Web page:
If you’re going to have a breakthrough single, then you might as well make it a song that’ll substantial enough to become one of the most iconic tracks of your entire career. Gordon Lightfoot didn't actually plan this when he released “If You Could Read My Mind,” but it certainly worked out that way.
Lightfoot was already popular on the Canadian folk circuit when his 1970 debut album made him into an American star. Originally entitled Sit Down Young Stranger, the LP was quickly retitled to match the name of his hit single, which isn’t exactly the worst move from a marketing standpoint. The album, which ultimately climbed to No. 12 on the Billboard 200, was kind of an all-star affair, having been recorded in Hollywood by producer Lenny Waronker with the musical assistance of such friends as Ry Cooder, John Sebastian and Van Dyke Parks, as well as orchestration by Randy Newman on a couple of tracks.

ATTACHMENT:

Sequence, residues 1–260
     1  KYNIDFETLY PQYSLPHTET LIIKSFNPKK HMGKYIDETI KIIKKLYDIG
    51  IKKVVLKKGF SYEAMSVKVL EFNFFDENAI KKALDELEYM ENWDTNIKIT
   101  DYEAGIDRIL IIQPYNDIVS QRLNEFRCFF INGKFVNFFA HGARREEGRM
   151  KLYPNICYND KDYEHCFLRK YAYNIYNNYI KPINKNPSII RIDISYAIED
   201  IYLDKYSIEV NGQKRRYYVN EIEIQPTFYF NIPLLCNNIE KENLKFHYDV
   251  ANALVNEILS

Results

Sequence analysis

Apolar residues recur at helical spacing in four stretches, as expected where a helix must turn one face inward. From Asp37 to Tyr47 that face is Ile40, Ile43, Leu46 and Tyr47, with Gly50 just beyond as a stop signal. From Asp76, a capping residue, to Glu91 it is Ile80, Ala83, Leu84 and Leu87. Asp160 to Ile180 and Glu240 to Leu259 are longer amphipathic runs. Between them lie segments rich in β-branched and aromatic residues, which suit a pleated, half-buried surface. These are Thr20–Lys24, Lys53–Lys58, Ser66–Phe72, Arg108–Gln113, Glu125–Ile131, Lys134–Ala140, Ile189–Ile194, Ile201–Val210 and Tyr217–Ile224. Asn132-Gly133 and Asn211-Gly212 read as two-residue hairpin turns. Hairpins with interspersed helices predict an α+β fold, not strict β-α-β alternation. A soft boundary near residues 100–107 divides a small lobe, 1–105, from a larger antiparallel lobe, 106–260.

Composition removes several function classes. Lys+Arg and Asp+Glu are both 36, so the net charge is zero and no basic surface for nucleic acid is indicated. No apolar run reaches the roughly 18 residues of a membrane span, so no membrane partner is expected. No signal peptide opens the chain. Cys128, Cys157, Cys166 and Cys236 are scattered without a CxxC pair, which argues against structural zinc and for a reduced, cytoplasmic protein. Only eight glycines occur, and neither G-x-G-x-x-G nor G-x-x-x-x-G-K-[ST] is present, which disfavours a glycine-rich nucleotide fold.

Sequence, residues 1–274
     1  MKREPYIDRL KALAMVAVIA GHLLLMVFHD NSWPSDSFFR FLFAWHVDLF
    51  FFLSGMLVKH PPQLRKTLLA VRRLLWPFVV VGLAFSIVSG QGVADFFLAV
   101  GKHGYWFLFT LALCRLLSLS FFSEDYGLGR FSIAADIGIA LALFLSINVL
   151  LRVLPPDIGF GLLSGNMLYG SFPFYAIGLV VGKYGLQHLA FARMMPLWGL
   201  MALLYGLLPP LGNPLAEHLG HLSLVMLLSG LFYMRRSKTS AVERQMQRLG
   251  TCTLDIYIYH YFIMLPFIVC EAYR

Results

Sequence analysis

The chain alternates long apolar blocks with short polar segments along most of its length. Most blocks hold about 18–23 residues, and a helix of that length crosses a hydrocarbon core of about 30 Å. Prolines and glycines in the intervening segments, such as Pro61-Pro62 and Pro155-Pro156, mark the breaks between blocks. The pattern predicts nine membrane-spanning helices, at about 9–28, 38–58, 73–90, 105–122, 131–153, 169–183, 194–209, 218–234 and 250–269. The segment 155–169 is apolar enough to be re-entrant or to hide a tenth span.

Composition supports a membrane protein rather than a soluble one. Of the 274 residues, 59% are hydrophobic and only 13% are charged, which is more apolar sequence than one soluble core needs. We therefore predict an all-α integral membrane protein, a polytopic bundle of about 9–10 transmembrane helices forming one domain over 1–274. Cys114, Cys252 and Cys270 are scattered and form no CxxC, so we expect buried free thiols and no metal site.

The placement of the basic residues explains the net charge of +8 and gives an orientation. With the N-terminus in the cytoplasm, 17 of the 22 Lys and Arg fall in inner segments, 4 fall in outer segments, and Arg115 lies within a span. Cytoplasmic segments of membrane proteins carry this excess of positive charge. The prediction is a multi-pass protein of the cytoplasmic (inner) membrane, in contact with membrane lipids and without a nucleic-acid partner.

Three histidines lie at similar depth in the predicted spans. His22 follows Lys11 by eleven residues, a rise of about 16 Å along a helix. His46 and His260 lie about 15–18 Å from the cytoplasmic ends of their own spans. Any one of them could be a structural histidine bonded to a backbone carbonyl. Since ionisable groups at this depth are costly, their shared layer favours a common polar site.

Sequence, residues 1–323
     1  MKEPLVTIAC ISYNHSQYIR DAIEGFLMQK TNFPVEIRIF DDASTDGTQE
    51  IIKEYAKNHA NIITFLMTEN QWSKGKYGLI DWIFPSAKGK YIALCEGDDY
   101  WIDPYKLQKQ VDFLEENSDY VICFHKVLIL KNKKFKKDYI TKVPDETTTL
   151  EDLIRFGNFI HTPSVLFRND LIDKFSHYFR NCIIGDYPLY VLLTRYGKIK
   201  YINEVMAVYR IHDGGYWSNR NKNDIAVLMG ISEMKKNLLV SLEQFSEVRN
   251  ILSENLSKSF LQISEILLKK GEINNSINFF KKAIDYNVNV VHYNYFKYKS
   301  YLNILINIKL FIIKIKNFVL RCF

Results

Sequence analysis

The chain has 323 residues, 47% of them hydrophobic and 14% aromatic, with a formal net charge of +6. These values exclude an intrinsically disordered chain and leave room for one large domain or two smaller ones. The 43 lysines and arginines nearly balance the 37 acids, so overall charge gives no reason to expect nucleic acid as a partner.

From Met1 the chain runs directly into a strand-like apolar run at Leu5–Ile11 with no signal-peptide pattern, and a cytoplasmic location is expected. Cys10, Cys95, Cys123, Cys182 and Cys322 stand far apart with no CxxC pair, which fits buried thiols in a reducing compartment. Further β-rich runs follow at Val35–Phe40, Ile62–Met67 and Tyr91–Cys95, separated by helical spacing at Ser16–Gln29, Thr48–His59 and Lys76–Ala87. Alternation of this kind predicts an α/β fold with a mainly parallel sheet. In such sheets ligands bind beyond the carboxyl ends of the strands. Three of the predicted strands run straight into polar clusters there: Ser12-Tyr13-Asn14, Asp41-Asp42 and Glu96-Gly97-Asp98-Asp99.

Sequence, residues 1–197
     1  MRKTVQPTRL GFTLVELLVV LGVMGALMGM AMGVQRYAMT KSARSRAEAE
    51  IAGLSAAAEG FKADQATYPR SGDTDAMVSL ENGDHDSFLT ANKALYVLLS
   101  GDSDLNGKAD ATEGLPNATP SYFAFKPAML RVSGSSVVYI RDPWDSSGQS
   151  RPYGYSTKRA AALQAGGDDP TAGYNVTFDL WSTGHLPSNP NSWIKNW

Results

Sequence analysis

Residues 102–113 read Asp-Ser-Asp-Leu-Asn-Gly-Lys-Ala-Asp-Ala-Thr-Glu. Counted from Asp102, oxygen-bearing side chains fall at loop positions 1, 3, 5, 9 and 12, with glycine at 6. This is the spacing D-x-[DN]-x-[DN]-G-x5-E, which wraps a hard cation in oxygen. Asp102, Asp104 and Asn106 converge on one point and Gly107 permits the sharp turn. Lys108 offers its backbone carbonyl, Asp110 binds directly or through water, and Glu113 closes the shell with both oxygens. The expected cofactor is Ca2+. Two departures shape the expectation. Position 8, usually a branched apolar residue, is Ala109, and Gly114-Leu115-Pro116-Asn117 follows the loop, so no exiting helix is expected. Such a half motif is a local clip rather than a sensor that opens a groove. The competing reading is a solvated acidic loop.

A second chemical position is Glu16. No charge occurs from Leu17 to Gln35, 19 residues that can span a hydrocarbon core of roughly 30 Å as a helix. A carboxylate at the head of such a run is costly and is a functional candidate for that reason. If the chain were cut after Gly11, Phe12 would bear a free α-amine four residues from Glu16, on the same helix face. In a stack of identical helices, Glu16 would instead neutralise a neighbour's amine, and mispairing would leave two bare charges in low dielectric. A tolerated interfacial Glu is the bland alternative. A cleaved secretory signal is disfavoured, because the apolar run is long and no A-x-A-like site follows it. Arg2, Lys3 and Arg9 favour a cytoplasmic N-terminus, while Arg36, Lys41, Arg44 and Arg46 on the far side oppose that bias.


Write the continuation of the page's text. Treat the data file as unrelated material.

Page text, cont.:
The song was inspired by Lightfoot’s then-recent divorce, with the singer-songwriter penning the lyrics while sitting alone in his house in Toronto that summer. It’s one of those songs that has continued to be covered regularly over the years, but one of the most devastating versions might be Johnny Cash's, recorded during one of his last sessions.
Seriously, give it a listen: it’ll break your heart.
“If You Could Read My Mind” topped the charts in Lightfoot’s native Canada and hit No. 5 on the Hot 100, but it did top one chart in America: the adult contemporary Singles chart...and, hey, a chart is a chart is a chart, particularly when your song is sitting at the top of it, like Lightfoot’s was.
Before we go, we’d be remiss if we didn’t offer up a quick plug for the documentary about our man Gordon and his career, particularly since it shares its name with the song that brought us here today.